U.S. presidential election, 1972: Wikis


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1968 United States 1976
United States presidential election, 1972
November 7, 1972
Richard Nixon.jpg GeorgeStanleyMcGovern.png
Nominee Richard Nixon George McGovern
Party Republican Democratic
Home state California South Dakota
Running mate Spiro Agnew Sargent Shriver

(replaced Thomas Eagleton)

Electoral vote 520 17
States carried 49 1 + DC
Popular vote 47,168,710 29,173,222
Percentage 60.7% 37.5%
Presidential election results map. Red denotes states won by Nixon/Agnew, Blue denotes those won by McGovern/Shriver. Grey is the electoral vote for John Hospers by a Virginia faithless elector. Numbers indicate the number of electoral votes allotted to each state.

Previous President
Richard Nixon

Richard Nixon

The United States presidential election of 1972 was the 47th quadrennial United States presidential election. It was held on November 7, 1972. The Democratic Party's nomination was eventually won by Senator George McGovern, who ran an anti-war campaign against incumbent Republican President Richard Nixon, but was handicapped by his outsider status as well as the scandal and subsequent firing of vice presidential nominee Thomas Eagleton.

Emphasizing a good economy and his successes in foreign affairs (especially ending American involvement in Vietnam and establishing relations with China), Nixon won the election in a massive landslide (the same proportion as in 1964, when Lyndon B. Johnson overwhelmingly defeated Barry Goldwater). Nixon won the election, with a 23.2% margin of victory in the popular vote, the fourth largest margin in presidential election history. He received almost 18 million more popular votes than McGovern—the widest margin of any U.S. presidential election.


Democratic nomination

Democratic candidates:

Candidates gallery



Senate Majority Whip Ted Kennedy, the younger brother of former president John F. Kennedy and former Attorney General Robert F. Kennedy, had been the favorite to win the 1972 nomination, but his hopes were derailed by his role in the 1969 Chappaquiddick incident. He was not a candidate.

The favorite for the Democratic nomination then became Ed Muskie,[1] the 1968 vice-presidential nominee. In August 1971 Harris polling amid a growing economic crisis, Muskie came out on top of incumbent Nixon if the election had been held that day.[1]

However, prior to the New Hampshire primary, the "Canuck letter" was published in the Manchester Union-Leader. The letter, whose authenticity was later brought into question, claimed that Muskie had made disparaging remarks about French-Canadians. Subsequently, the paper published an attack on the character of Muskie's wife Jane, reporting that she drank and used off-color language. Muskie made an emotional defense of his wife in a speech outside the newspaper's offices during a snowstorm. Though Muskie later stated that what had appeared to the press as tears were actually melted snowflakes, the press reported that Muskie broke down and cried.[2] Muskie did worse than expected in the primary, while McGovern came in a surprisingly close second. McGovern now had the momentum, which was well orchestrated by his campaign manager, Gary Hart.

New York Representative Shirley Chisholm announced she would run, and became the first African American to run for the Democratic or Republican presidential nomination and the first woman to run for the Democratic presidential nomination.[3]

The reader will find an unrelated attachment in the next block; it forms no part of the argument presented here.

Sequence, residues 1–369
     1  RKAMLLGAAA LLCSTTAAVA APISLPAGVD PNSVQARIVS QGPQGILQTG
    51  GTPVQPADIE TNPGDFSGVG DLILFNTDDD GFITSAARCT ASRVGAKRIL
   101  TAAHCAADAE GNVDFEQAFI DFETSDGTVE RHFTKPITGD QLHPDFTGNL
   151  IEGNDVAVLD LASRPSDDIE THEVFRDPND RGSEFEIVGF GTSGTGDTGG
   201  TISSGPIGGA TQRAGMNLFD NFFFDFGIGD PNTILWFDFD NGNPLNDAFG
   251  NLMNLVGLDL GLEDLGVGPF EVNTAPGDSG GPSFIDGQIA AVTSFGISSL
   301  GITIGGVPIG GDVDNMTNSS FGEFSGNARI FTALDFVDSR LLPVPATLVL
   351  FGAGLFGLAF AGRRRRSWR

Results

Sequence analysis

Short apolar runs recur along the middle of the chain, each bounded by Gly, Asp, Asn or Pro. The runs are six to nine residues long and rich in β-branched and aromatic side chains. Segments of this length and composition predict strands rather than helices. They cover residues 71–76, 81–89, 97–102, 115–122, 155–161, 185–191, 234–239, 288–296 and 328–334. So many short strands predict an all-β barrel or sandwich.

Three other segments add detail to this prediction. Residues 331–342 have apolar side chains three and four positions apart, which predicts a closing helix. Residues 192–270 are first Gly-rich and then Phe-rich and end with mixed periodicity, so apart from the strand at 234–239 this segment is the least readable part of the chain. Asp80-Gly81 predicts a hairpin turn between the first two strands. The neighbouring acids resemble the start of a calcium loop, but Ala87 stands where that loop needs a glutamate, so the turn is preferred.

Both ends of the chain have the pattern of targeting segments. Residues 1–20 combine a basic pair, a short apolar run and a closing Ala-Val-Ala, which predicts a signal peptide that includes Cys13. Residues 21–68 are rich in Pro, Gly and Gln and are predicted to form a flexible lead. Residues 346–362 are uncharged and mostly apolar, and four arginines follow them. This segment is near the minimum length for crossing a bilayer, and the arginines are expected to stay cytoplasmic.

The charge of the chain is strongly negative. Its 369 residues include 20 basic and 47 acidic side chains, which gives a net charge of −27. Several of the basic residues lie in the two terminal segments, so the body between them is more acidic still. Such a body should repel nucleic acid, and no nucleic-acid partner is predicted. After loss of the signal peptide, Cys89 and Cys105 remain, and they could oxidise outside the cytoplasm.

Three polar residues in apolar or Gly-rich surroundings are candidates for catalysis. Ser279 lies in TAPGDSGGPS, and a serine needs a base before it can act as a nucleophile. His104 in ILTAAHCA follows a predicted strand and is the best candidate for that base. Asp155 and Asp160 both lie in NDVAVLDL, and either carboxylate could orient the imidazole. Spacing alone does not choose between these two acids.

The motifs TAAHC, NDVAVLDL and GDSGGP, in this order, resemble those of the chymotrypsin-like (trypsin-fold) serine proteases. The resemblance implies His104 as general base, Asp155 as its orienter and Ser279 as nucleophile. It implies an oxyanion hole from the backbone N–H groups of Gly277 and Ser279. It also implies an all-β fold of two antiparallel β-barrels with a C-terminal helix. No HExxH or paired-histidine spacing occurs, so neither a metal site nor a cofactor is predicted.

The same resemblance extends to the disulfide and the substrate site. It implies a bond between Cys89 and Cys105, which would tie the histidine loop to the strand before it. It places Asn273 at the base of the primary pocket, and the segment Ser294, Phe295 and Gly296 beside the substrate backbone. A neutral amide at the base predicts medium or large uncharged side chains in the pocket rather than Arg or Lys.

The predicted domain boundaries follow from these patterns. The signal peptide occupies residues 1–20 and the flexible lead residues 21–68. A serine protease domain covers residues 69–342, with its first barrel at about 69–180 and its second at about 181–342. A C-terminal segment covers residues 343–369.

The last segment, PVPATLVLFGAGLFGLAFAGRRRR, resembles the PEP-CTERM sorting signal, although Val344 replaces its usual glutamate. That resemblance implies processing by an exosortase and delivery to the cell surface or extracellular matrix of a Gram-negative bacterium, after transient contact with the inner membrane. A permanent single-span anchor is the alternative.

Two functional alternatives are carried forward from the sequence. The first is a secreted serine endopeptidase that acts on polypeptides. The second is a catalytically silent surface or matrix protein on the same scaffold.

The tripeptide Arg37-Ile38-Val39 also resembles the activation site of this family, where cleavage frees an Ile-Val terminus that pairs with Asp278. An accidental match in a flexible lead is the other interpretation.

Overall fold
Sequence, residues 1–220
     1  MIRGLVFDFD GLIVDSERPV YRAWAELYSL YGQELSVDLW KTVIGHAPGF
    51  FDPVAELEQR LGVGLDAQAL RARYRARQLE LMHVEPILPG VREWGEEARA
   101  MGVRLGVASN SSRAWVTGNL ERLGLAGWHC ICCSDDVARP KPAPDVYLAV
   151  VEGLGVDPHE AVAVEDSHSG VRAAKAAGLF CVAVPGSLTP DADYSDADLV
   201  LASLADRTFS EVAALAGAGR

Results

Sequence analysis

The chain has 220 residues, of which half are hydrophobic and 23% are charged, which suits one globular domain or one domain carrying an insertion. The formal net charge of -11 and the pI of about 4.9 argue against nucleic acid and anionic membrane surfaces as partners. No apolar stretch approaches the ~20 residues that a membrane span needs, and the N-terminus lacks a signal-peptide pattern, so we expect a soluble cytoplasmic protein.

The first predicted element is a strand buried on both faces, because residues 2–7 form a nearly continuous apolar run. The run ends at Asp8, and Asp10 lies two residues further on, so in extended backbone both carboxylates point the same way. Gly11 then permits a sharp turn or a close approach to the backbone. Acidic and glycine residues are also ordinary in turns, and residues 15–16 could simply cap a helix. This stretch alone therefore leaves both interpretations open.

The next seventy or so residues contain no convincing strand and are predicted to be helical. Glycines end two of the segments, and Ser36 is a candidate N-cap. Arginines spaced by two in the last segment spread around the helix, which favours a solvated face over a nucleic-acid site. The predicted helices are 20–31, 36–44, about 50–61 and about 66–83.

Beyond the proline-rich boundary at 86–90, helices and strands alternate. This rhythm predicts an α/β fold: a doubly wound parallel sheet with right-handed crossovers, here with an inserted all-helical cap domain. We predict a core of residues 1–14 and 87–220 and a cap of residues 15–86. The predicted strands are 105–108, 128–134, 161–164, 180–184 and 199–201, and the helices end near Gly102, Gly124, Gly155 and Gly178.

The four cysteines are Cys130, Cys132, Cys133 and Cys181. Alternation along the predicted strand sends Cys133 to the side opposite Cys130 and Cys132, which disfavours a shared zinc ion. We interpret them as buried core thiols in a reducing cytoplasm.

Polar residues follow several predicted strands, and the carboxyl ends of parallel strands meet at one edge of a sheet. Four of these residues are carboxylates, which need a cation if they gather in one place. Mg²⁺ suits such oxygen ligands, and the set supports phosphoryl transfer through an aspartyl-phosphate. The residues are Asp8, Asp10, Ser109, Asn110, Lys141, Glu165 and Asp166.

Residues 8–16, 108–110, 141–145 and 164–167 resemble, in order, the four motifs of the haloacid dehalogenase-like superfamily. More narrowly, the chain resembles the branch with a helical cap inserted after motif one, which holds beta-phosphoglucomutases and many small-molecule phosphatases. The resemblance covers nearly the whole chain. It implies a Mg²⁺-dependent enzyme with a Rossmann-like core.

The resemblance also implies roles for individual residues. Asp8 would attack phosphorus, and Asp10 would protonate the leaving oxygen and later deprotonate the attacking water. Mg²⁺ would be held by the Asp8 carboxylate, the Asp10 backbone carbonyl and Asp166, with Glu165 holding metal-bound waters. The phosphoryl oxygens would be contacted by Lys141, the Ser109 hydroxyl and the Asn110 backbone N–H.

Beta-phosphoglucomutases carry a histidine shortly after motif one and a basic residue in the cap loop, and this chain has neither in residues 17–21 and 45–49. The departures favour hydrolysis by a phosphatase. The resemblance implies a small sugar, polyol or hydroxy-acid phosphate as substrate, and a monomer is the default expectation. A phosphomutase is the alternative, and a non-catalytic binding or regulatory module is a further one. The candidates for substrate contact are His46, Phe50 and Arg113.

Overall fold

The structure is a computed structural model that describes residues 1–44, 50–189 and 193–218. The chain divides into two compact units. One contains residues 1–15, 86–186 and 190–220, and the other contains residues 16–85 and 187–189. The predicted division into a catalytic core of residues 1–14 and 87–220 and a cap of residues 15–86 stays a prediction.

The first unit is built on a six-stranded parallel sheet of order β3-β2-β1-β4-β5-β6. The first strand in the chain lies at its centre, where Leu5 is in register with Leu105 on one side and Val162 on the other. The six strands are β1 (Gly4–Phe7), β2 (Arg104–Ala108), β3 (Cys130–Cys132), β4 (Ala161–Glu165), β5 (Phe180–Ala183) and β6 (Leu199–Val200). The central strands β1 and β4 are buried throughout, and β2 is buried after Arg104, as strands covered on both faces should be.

South Dakota Senator George McGovern entered the race as an anti-war, progressive candidate, picking-up where Eugene McCarthy had left off in 1968. McGovern was able to pull together support from the anti-war movement together with the youth block and other grassroots support to win the nomination in a primary system he had played a significant part in designing.

Alabama Governor George Wallace, with his "outsider" image, did well in the South (he won every single county in the Florida primary) and in the North among alienated and dissatisfied voters. What might have become a forceful campaign was cut short when Wallace was shot while campaigning, and left paralyzed in an assassination attempt by Arthur Bremer. The day after the assassination attempt Wallace won the Michigan and Maryland primaries, but the shooting effectively ended his campaign.

On April 25, 1972, George McGovern won the Massachusetts primary and journalist Bob Novak phoned Democratic politicians around the country, who agreed with his assessment that blue-collar workers voting for McGovern did not understand what he really stood for. On April 27, 1972 Novak reported in a column that an unnamed Democratic senator had said of McGovern: "The people don’t know McGovern is for amnesty, abortion and legalization of pot. Once middle America - Catholic middle America, in particular - finds this out, he’s dead." The label stuck and McGovern became known as the candidate of "amnesty, abortion and acid."

Novak was accused of manufacturing the quote and to rebut the criticism, Novak took the senator to lunch after the campaign and asked whether he could identify him as the source but the senator said he would not allow his identity to be revealed. "Oh, he had to run for re-election. The McGovernites would kill him if they knew he had said that," says Novak.

For years speculation continued that Novak had, in effect, acted as a surrogate for either other Democratic candidates or for the Republicans; an allegation Novak denied. Novak refused to identify his source until, on July 15, 2007 he disclosed on Meet the Press that the unnamed senator was Thomas Eagleton (McGovern’s first choice as his running mate). Eagleton had died in March 2007.

In the end, Senator George McGovern succeeded in winning the nomination by winning primaries through grassroots support in spite of establishment opposition. McGovern had led a commission to redesign the Democratic nomination system after the messy and confused nomination struggle and convention of 1968. The fundamental principle of the McGovern Commission—that the Democratic primaries should determine the winner of the Democratic nomination—lasted throughout every subsequent nomination contest. However, the new rules angered many prominent Democrats whose influence was marginalized, and those politicians refused to support McGovern's campaign (some even supporting Nixon instead), leaving the McGovern campaign at a significant disadvantage in funding compared to Nixon.